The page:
- Biden 46% – Trump 43% Ernst 45% – Greenfield 44%
- 9/24: Biden 45% – Trump 42% Greenfield 42% – Ernst 40%
- Four in Ten Iowans Have Already Voted, Including Two-Thirds of Dems
Loudonville, NY. Former Vice President Joe Biden continues to hold a narrow 46-43 percent lead over President Donald Trump, little moved from 45-42 percent last month. In the race for the U.S. Senate, Republican incumbent Joni Ernst and Democrat Theresa Greenfield are virtually even. Ernst has the support of 45 percent and Greenfield 44 percent of voters, compared to Greenfield 42 percent and Ernst 40 percent in September, according to today’s New York Times/Siena College polls of likely Iowa voters.
“Similar to what we’ve seen in other states in recent New York Times/Siena College polls, the political landscape has not changed dramatically in the last month, despite all the dramatic events and moments of the last month. Biden led by a narrow three-point margin in late September and he leads by a narrow three-point margin nearing late October,” said Don Levy, Director of the Siena College Research Institute.
“The gender gap has widened, as Trump leads with men by 14 points, up from eight points last month, and Biden has a 19-point lead with women, up from 14 points,” Levy said.
While Trump increased his lead with white voters without a college degree to seven points, Biden’s lead with whites with a degree increased to 19 points,” Levy said. “Biden leads with both white men and women with a degree and he leads with white women without a degree. Trump, however, has a two-to-one, 57-29 percent, lead with white men without a degree.
“Thirty-nine percent of likely Iowa voters have already cast their ballots, with Democrats far outnumbering Republicans. Biden holds a whopping 40-point, 66-26 percent, lead with those voters. But among the voters who still plan on voting – early or on election day – Trump has a commanding 54-34 percent lead,” Levy said. “Trump won here by nine points four years ago. It appears 2020 will be a much closer race.”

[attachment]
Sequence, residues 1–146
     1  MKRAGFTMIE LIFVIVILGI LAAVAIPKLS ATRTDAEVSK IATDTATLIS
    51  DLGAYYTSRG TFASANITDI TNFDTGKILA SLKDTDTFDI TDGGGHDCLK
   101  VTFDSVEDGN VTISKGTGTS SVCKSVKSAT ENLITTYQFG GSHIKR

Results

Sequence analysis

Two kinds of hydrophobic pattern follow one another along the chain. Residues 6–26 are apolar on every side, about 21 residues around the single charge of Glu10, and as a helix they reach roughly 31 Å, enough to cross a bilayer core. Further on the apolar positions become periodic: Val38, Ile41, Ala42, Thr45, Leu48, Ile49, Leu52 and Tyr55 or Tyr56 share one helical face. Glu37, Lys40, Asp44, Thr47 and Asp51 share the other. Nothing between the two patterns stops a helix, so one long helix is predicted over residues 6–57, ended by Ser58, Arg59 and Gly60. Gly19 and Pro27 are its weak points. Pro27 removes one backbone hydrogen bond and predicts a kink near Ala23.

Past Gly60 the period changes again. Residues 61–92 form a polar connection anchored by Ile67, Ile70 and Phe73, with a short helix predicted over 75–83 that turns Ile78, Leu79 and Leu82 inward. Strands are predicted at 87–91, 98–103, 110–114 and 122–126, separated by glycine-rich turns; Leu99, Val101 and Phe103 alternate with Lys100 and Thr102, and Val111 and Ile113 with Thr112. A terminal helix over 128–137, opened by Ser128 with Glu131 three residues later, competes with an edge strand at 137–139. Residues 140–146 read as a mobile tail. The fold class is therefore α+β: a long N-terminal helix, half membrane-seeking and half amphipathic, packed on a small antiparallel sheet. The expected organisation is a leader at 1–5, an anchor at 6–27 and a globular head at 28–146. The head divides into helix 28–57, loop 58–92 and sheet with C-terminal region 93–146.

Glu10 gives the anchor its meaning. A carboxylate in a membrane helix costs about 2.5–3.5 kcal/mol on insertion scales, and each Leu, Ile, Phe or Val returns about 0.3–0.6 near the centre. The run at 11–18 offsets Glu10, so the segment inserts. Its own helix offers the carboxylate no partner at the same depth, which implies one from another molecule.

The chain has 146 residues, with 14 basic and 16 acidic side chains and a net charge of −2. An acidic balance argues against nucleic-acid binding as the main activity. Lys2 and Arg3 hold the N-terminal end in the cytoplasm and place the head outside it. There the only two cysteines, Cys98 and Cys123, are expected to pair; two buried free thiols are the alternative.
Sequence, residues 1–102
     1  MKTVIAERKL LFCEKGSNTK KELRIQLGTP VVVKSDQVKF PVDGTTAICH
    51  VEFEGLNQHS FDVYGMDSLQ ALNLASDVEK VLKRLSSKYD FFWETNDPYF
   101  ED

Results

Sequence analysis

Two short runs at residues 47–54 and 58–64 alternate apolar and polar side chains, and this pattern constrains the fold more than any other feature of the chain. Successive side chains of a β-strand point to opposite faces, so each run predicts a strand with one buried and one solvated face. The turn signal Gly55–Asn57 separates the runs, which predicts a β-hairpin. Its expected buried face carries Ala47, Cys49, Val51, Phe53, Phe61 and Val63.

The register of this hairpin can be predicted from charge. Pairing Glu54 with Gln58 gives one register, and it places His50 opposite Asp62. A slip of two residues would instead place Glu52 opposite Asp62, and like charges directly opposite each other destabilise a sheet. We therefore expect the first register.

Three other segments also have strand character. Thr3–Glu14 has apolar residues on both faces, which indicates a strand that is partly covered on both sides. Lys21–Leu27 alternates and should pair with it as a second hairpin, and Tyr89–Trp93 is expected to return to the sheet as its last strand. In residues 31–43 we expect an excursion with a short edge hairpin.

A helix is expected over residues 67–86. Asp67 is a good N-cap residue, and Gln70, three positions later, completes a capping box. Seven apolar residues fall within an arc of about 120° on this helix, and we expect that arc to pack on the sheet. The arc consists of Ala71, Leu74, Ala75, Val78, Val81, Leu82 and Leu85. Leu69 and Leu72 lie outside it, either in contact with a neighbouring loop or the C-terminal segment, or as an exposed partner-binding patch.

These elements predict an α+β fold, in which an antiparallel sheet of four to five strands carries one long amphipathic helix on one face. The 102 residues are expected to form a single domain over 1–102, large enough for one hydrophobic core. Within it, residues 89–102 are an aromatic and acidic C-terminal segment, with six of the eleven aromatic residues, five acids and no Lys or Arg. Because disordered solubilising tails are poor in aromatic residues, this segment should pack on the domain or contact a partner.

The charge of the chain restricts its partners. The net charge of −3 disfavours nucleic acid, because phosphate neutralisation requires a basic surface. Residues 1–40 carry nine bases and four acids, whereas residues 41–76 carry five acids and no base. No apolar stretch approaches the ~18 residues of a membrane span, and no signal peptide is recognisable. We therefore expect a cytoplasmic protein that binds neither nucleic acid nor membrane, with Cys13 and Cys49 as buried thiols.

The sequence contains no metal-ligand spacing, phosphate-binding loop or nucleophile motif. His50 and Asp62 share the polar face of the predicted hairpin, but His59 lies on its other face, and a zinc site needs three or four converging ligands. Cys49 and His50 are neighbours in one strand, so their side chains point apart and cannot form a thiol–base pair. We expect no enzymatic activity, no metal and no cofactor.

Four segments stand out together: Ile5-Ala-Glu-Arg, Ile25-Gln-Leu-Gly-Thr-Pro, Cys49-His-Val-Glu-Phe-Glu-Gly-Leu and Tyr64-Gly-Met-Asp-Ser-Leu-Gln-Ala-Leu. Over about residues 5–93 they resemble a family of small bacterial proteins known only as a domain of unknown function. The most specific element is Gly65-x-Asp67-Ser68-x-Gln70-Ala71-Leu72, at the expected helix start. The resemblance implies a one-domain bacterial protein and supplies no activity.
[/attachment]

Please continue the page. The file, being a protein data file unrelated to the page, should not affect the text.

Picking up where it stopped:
“While the U.S. Senate race remains well within the margin of error, Ernst has picked up some ground, particularly bringing Republicans back in the fold. She stretched her 69-point lead with Republicans in September to a now 86-point lead,” Levy said. “At the same time, Greenfield was able to open up a seven-point lead with independents, after the two were tied last month.
“While Ernst has gained a little in the last month, it’s a far cry from the eight-point victory she had in 2014,” Levy said. “This looks like it might very well come down to which side does better getting its voters to the polls. Given who has voted already, that puts some added pressure on the Ernst camp.”
This New York Times/Siena College survey of Iowa was conducted October 18-20, 2020 by telephone calls in English to 753 likely voters, with a margin of error of +/- 3.9 percentage points. Calls were made to a stratified weighted sample of voters from the L-2 Voter list via both land and cell phones. The data was weighted by party, age, race/ethnicity, education, region, gender and voter likelihood, a computed score that combines voter history, stated voter likelihood and modeled turnout by respondent. Polling support for this project provided by Institute for Policy and Opinion Research at Roanoke College, M. Davis and Co., Reconnaissance Market Research, and The Public Opinion Research Lab at the University of North Florida. The Siena College Research Institute, directed by Donald Levy, Ph.D., conducts political, economic, social, and cultural research. SCRI, an independent, non-partisan research institute, subscribes to the American Association of Public Opinion Research Code of Professional Ethics and Practices. For more information, please call Don Levy at 518-944-0482. Survey cross-tabulations and frequencies can be found at: www.Siena.edu/SCRI/SNY. For additional methodological information, click here.